Anyway, one of the birds depicted in the book was indeed what we now call a Swainson’s Hawk, but of course it wasn’t identified as such in it. Richardson had described the bird as a form of Buteo vulgaris, which is now called Buteo buteo, basically the Common Buzzard of Eurasia. (The Common Buzzard is a close relative of all buteonine hawks, which if you aren’t aware, includes Red-tailed Hawks, Rough-legged Hawks, Ferruginous Hawks, Broad-winged Hawks, and many others.) A different naturalist some years later, Charles Bonaparte, noticed this and corrected this error. He knew that the bird in Swainson’s illustration was a different species, and it was he, NOT William Swainson, who was the first to give a scientifically correct description of it. However, he too was an admirer of Swainson’s work, and in tribute to his great lithographs, he named the bird after Swainson, Buteo swainsoni. And THAT is how the Swainson’s Hawk got its name.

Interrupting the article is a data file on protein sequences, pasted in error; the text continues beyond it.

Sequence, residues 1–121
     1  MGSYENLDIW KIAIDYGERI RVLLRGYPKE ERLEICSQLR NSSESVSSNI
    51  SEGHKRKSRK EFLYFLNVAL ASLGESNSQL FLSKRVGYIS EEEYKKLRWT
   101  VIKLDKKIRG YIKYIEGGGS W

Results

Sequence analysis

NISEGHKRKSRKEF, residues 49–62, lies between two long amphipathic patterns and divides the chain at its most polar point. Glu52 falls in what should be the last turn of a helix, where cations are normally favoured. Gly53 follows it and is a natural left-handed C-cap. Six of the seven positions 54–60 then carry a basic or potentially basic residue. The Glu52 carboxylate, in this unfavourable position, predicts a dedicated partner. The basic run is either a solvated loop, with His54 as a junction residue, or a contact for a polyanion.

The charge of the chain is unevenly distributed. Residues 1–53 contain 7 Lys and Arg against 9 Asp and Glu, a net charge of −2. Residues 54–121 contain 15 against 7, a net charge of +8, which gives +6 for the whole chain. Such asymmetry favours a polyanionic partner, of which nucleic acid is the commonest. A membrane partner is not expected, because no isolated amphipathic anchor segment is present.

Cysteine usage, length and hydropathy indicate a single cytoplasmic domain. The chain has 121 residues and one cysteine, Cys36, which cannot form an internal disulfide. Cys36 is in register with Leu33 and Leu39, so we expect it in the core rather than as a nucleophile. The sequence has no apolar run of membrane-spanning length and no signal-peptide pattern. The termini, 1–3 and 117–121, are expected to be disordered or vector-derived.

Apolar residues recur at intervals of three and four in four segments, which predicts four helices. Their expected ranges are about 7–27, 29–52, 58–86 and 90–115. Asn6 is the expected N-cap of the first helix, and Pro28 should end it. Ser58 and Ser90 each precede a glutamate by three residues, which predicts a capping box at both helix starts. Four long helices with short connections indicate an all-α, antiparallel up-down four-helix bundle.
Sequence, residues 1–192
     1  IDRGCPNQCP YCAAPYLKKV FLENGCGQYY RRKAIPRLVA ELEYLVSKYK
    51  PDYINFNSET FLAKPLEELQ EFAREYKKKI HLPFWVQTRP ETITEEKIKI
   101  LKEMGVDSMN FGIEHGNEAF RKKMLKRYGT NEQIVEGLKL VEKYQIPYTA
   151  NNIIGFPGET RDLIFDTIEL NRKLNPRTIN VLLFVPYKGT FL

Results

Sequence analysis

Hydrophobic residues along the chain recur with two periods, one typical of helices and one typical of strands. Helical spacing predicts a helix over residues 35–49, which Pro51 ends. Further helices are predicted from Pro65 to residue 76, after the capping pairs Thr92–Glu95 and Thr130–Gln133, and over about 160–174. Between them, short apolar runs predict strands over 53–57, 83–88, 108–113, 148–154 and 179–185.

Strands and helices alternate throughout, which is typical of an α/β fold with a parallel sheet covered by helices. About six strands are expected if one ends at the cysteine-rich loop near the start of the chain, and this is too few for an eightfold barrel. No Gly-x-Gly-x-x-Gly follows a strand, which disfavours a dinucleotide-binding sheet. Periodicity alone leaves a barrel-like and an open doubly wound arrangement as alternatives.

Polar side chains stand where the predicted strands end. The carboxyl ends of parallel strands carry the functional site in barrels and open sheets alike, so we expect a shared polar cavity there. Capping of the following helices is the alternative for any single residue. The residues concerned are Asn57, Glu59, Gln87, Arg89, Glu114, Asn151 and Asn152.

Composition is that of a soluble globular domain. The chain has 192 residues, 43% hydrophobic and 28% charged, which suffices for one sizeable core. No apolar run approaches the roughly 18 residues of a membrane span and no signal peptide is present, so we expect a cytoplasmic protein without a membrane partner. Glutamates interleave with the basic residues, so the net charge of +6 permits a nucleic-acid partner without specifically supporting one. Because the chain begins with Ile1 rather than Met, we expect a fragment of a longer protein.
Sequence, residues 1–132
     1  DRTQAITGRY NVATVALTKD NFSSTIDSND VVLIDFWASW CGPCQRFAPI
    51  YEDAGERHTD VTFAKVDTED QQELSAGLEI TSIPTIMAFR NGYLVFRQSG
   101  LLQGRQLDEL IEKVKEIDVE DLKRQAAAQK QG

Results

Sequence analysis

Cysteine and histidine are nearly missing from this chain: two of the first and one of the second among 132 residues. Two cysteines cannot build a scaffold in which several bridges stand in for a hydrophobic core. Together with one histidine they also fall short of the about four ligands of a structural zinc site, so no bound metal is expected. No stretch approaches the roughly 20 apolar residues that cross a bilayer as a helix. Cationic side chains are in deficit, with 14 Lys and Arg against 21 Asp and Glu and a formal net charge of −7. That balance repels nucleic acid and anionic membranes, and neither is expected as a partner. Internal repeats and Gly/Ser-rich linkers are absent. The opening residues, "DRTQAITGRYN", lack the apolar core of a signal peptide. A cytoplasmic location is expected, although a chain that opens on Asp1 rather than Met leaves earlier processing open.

In this manner, Swainson had other types of birds named after him too, including the Swainson’s Thrush, Swainson’s Warbler, Swainson’s Flycatcher, and Swainson’s Toucan (now usually referred to as the Chestnut-mandibled Toucan, although the scientific name still bears the swainsoni tag). From what I can tell, in that era of discovery and exploration in the 1800s it was actually quite rare for a naturalist to name a bird after himself – instead, he usually named it after someone else who he admired, or otherwise though deserved mention in some way. That’s still generally true I think.